As if preparing to reopen schools in a coronavirus world wasn't difficult enough, local districts are facing proposed substantial deficits and cuts the next fiscal year.
Gov. Gavin Newsom's May revise budget proposes a $6.5 billion reduction to the Local Control Funding Formula, which comprises about 80 percent of state funding for kindergarten through 12th grade schools, and also estimates a $19 billion decrease in the Proposition 98 guarantee of minimum funding for K-14.
What that translates to locally is several millions of dollars potentially lost.
Bakersfield City School District
The Bakersfield City School District is currently looking at an $8.8 million deficit in its unrestricted general fund, explained Sherry Gladin, assistant superintendent of business services. That money can be used for any purpose in district operations.
The district also projects a loss of $34.6 million in the LCFF, and an estimated $25.2 million in operating increases, which includes its COVID-19 response.
"Not a rosy outlook, but our philosophy going into our adopted budget is to really wait and see what the state actual adopted budget will be to hold out for if there will be increased federal stimulus funding or dollars available or flexibility on those funds," Gladin said.
During the June 2 special board meeting, Gladin shared that budget solutions for mitigating funding loss include $14 million in ongoing reductions, $14 million in one-time reductions and $31.2 million in one-time reserves and federal stimulus dollars.
Proposed changes for next year include: freezing replacement and refreshment expenses; fourth through sixth grades having a 29:1 student to teacher ratio; freezing vacant positions; and cutting administrative operating budgets, which include travel and conferences.
If additional federal dollars are available, Gladin said that would soften the $8.8 million deficit.
Federal Learning Loss Mitigation Funds could potentially result in $28 million for the district, but that money has to be spent by Dec. 30, and it is restricted to costs associated with mitigating learning loss due to COVID-19.
"It's just better to plan for what you know you'll receive and have the scenario come out better, than to plan for funding that may not come through and have to adjust for additional reductions in your budget," Gladin added.
Deputy Superintendent Mark Luque said he feels confident the district will still deliver quality instruction to students, even with changes in place, due to an emphasis on "developing strong systems and structures" the last four years.
Panama-Buena Vista Union School District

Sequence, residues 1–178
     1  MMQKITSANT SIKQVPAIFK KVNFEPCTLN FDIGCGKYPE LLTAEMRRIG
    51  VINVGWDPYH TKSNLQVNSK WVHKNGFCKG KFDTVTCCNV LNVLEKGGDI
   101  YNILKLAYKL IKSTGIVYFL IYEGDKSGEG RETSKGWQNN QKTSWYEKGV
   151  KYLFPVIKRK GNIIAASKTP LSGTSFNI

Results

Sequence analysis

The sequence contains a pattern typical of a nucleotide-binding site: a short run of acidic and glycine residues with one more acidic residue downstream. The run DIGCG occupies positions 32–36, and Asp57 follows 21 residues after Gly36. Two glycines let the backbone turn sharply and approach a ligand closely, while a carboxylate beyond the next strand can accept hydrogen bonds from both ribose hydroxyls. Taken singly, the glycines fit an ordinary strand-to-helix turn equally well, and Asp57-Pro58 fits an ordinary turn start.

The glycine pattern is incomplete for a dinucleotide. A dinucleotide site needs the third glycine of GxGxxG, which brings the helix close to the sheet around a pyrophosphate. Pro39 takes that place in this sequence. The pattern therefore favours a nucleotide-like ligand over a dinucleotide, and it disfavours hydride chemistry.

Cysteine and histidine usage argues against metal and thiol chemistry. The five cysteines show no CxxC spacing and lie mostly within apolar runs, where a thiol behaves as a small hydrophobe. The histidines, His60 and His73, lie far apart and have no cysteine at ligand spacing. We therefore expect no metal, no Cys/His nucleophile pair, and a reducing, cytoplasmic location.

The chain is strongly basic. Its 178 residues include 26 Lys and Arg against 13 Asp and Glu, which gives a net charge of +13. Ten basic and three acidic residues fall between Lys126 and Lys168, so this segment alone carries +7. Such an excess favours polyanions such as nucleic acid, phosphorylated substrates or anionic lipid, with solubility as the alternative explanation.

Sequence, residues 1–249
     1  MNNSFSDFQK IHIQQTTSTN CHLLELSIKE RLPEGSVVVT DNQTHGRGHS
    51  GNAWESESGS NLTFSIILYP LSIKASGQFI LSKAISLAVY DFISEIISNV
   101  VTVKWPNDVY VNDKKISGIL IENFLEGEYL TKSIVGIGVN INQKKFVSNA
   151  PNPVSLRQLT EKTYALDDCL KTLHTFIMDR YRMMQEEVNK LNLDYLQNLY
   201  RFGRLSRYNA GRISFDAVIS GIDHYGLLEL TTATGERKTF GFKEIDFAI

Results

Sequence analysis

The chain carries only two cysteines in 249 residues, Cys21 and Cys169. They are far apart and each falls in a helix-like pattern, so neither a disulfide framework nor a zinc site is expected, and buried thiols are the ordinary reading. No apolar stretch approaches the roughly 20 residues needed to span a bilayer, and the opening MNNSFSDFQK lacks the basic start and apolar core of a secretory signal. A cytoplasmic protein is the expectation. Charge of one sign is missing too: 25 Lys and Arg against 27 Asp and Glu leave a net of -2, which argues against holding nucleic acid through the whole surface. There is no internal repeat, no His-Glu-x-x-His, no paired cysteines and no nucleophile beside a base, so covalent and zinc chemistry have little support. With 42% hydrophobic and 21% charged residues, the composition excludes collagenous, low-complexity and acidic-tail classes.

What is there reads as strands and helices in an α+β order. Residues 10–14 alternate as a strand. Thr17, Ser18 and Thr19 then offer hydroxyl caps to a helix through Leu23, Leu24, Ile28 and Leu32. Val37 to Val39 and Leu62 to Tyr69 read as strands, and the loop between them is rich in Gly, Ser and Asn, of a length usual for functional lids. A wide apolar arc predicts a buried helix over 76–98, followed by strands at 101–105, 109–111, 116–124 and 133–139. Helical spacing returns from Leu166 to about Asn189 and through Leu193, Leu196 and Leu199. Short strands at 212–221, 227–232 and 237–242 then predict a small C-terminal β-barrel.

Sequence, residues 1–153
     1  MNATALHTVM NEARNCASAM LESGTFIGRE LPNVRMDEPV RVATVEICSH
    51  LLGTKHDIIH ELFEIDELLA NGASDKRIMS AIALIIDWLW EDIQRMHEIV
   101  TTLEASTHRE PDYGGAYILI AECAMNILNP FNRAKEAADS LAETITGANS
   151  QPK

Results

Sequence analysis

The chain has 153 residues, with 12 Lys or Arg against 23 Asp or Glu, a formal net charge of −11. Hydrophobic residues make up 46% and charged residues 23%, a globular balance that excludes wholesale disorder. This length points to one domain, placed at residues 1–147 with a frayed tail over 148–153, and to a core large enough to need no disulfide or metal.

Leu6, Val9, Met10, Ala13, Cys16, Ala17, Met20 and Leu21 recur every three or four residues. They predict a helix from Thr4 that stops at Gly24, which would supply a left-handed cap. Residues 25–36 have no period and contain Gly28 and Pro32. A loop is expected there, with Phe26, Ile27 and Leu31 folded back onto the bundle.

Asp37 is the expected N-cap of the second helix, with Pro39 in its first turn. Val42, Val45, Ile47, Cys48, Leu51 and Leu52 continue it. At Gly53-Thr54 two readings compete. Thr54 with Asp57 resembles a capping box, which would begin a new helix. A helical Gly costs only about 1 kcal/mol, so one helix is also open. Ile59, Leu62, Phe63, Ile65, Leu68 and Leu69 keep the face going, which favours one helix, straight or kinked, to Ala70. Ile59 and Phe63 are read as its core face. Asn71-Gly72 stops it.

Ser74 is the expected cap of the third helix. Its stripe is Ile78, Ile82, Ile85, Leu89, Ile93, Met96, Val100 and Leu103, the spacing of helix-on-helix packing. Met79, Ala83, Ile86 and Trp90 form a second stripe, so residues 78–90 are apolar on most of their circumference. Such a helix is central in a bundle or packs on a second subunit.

For the Panama-Buena Vista Union School District, its proposed budget projects a deficit of $21 million. The district is addressing the structural deficit in three phases.
The first phase included management staff meeting with the board of trustees to discuss preliminary solutions totaling around $3 million, which included freezing salary cost-of-living adjustments and steps for management and administration and transferring reserves from a specific fund.
In the next phase, which begins after the governor signs the state budget, the district will revise its budget. At that time, it hopes federal aid will be determined, and it will leverage all federal dollars and district available reserves, in addition to spending reductions, to mitigate the structural deficit. The third phase prepares to respond to mid-year cuts to education funding resulting from additional loss of state tax revenues.
Glenn Imke, assistant superintendent of business services, said the district is hoping to keep cuts away from classrooms for as long as possible. If federal stimulus dollars come in, that will allow the district to make adjustments.
"We serve the kids, and we’re happy to do it, but we’re not running away from the problem," Imke said. "It’ll take time, but we will have a solution."
Currently, he's recommending to use district reserves until information is available from the state and federal government. The district will finish this year with general funds with 17 percent reserves. Absent any cuts or federal stimulus money, the district will burn through 10 percent of its reserves next year.
Salaries and benefits make up close to 90 percent of the district's expenditure budget, so any negotiations, such as ones regarding class sizes, will take place with collective bargaining units, Imke explained.
Greenfield Union School District
The proposed total reduction for the Greenfield Union School District is approximately $8 million. There were some items the district was able to include as offsets, such as lower STRS/PERS increases (offsetting by $1.38 million), special education revenues increased by $80 per students (offsetting by $1 million), CARES Act funds of $3 million and total budgeted revenues down by $2.6 million, according to the budget.
Several reductions and adjustments have been made, according to the budget. Chromebooks were purchased with 2019-2020 funding, which resulted in a $1 million reduction to the Technology Refresh Plan. Additionally, one elementary music position was removed, Project Lead The Way supplies, conferences and consultations were reduced, and field trips, including Camp KEEP, are discontinued at this time.
"We had to really take a long hard look at a number of different areas ... deciding which things we needed to reduce," said Vicki Norman, assistant superintendent of business.
At this time, there are no layoffs planned for any certificated or classified employees, Superintendent Ramón Hendrix said during a board of trustees meeting Wednesday.
Once a final state budget is signed by the governor, local districts have 45 days to revise their 2020-21 budgets.